Action of lipase on milk - use neutrase (protease) instead?

Discussion in 'Supporting Biology' started by Snailo, Oct 8, 2019.

  1. I am assuming the answer to this question is no, but we've got milk / lipase experiments coming up and its always a bit hit or miss whether the pH drops / phenolphthalein clears. Since I have a fridge full of neutrase, and not a lot of lipase, I was wondering if this might give similar or even a more consistent pH drop. I know the protease acts on proteins not lipids, but I'm an optimist! Thought I'd check on here in case anyone has an answer before I spend ages trialling it...
     
  2. Hi Snailo.The whole point of this practical is to demonstrate that the Lipase breaks down Fat/Lipid tho Fatty Acids , hence the accompanying drop in pH as indicated by the Phenolpthalein changing from pink to colourless. I'd stick with the Lipase.:);)
     
    Last edited: Oct 8, 2019
  3. Thanks George. I was just wondering if the breakdown of the protein would also cause the pH to drop...For my purposes, I just need the pH to drop, not really bothered how!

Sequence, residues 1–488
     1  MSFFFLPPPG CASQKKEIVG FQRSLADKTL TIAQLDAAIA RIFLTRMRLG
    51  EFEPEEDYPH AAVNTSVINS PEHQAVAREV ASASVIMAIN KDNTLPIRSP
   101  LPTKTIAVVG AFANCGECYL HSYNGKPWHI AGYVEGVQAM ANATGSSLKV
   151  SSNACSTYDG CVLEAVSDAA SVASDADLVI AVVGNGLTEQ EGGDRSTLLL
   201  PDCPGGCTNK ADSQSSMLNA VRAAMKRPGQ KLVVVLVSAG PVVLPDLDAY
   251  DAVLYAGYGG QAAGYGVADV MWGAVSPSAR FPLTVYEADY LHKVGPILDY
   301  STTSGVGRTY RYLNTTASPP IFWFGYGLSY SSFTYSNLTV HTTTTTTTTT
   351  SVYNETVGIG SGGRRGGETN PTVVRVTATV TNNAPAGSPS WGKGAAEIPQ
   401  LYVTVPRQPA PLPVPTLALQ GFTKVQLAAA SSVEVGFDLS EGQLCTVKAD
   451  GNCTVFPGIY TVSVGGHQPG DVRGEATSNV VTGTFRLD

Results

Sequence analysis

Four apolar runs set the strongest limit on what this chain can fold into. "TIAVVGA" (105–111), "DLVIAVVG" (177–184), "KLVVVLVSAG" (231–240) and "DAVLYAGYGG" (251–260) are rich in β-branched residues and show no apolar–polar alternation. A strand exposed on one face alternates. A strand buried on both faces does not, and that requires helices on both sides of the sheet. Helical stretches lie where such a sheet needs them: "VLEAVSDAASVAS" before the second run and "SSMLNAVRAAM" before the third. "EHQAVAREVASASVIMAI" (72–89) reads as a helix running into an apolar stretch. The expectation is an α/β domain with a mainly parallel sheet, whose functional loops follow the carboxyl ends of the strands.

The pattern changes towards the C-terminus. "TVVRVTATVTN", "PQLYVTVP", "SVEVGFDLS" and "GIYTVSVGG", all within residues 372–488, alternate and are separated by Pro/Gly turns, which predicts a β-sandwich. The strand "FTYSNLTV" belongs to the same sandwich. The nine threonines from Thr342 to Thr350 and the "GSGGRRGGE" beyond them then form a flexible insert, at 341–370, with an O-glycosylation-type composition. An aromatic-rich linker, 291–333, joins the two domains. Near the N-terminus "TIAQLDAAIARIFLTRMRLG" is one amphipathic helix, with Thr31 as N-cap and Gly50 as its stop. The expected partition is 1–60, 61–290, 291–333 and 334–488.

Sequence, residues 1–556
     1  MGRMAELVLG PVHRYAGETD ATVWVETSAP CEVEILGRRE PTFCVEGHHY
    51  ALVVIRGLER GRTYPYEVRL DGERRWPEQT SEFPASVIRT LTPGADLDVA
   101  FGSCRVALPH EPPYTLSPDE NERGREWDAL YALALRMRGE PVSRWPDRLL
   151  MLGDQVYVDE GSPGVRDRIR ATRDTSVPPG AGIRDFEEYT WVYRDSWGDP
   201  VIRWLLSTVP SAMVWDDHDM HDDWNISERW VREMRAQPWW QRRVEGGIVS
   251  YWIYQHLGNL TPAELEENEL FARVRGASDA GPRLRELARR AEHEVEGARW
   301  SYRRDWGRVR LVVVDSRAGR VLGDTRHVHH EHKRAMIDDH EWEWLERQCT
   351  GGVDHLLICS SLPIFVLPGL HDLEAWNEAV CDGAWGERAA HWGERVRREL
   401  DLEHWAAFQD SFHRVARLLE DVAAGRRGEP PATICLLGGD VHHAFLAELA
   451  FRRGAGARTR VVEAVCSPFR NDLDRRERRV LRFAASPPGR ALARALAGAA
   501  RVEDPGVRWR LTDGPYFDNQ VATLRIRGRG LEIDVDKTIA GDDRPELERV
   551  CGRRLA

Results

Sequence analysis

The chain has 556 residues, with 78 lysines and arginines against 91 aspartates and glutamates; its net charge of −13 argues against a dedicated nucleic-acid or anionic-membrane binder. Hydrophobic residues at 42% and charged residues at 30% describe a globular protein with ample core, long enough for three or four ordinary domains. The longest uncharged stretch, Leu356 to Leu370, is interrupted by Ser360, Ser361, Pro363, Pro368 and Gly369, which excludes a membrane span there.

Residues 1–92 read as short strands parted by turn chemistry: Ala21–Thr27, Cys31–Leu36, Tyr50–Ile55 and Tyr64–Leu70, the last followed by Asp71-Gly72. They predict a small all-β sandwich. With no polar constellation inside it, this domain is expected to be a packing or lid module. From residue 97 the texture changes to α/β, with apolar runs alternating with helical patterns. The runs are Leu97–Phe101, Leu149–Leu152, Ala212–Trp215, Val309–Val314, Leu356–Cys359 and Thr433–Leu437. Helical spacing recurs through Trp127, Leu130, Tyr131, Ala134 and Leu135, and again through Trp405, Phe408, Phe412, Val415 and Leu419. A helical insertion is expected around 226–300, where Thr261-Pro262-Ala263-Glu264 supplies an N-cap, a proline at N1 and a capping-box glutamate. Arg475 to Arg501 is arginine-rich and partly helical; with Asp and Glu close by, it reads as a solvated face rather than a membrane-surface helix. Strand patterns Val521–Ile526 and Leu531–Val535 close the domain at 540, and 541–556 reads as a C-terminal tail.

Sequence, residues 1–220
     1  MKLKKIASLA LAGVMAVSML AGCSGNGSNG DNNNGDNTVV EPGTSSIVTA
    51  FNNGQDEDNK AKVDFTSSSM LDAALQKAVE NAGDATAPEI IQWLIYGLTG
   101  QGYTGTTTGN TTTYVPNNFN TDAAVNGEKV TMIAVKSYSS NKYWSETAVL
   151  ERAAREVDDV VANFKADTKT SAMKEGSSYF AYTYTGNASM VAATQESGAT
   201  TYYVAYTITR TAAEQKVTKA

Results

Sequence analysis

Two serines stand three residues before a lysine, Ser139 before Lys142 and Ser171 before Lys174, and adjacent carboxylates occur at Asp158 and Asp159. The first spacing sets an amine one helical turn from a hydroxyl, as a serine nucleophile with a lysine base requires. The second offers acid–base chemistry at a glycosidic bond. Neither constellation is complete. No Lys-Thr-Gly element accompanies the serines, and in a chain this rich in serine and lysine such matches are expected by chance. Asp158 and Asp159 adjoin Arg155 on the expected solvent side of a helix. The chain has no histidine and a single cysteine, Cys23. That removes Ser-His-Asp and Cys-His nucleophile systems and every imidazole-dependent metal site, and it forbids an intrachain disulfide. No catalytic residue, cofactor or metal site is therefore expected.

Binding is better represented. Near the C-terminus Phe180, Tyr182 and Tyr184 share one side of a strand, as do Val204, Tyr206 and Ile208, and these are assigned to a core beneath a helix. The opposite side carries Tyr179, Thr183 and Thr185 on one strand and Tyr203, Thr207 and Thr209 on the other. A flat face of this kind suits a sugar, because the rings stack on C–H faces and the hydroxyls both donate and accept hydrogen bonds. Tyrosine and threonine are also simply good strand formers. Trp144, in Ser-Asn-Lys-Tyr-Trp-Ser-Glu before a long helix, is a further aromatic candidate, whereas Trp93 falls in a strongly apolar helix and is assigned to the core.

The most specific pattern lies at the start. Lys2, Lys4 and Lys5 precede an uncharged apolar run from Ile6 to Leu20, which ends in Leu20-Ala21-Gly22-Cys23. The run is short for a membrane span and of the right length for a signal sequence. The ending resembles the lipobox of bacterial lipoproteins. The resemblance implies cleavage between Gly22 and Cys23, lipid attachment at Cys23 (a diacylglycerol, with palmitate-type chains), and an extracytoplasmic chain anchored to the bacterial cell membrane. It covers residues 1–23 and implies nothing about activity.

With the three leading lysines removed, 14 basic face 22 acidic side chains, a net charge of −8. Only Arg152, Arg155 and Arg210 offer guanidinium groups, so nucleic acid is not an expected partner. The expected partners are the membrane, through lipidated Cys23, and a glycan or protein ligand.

GeorgetheScienceTech likes this.
  4. I've never tried that but I suspect that the pKa's of the Amino Acids generated would not be low enough to cause the drop in pH to decolourise the Phenolpthalein.:)
     
  5. We use 0.02% cresol red in 20% IDA as an indicator which always seems to work well.
     
  6. We found cresol red even worse to get a colour change with than phenolphthalein. I completely hate milk/lipase practicals!! Do you use liquid or powdered lipase?
     
    GeorgetheScienceTech likes this.
  7. We use the Powdered form and apart from the smell it takes some time to get it into solution. If I had the choice I would go for the liquid form.:)
     
  8. We use powdered lipase. The most recent batch we have that we bought from timstar seems particularly good as it actually dissolves! (Came from Timstar but has Total Lab Supplies on the tub). I also use a mix of 50:50 full fat milk to single cream and give it a lot of shaking before putting it out. Seems to work well for us.